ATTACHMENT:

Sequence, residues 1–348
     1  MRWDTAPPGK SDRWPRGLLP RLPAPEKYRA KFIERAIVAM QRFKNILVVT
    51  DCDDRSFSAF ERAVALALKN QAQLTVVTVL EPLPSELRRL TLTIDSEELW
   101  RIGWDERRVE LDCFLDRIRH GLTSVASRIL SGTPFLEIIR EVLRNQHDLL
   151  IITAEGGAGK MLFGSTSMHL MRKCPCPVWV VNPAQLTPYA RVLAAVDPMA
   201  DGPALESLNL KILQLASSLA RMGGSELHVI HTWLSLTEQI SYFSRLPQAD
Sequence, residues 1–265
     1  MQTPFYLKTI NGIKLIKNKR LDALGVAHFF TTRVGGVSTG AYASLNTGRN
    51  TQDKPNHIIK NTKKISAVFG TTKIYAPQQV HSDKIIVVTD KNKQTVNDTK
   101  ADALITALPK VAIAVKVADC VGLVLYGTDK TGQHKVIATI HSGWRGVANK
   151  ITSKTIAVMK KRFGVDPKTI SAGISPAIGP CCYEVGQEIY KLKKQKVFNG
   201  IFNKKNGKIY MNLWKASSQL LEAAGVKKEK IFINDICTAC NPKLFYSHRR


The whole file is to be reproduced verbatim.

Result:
Sequence, residues 1–348
     1  MRWDTAPPGK SDRWPRGLLP RLPAPEKYRA KFIERAIVAM QRFKNILVVT
    51  DCDDRSFSAF ERAVALALKN QAQLTVVTVL EPLPSELRRL TLTIDSEELW
   101  RIGWDERRVE LDCFLDRIRH GLTSVASRIL SGTPFLEIIR EVLRNQHDLL
   151  IITAEGGAGK MLFGSTSMHL MRKCPCPVWV VNPAQLTPYA RVLAAVDPMA
   201  DGPALESLNL KILQLASSLA RMGGSELHVI HTWLSLTEQI SYFSRLPQAD
Sequence, residues 1–265
     1  MQTPFYLKTI NGIKLIKNKR LDALGVAHFF TTRVGGVSTG AYASLNTGRN
    51  TQDKPNHIIK NTKKISAVFG TTKIYAPQQV HSDKIIVVTD KNKQTVNDTK
   101  ADALITALPK VAIAVKVADC VGLVLYGTDK TGQHKVIATI HSGWRGVANK
   151  ITSKTIAVMK KRFGVDPKTI SAGISPAIGP CCYEVGQEIY KLKKQKVFNG
   201  IFNKKNGKIY MNLWKASSQL LEAAGVKKEK IFINDICTAC NPKLFYSHRR